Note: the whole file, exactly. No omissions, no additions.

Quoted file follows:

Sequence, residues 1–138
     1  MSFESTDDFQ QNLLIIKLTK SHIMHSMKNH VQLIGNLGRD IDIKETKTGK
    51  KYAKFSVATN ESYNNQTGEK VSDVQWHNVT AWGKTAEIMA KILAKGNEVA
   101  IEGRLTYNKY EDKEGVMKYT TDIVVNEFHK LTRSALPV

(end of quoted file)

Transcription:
Sequence, residues 1–138
     1  MSFESTDDFQ QNLLIIKLTK SHIMHSMKNH VQLIGNLGRD IDIKETKTGK
    51  KYAKFSVATN ESYNNQTGEK VSDVQWHNVT AWGKTAEIMA KILAKGNEVA
   101  IEGRLTYNKY EDKEGVMKYT TDIVVNEFHK LTRSALPV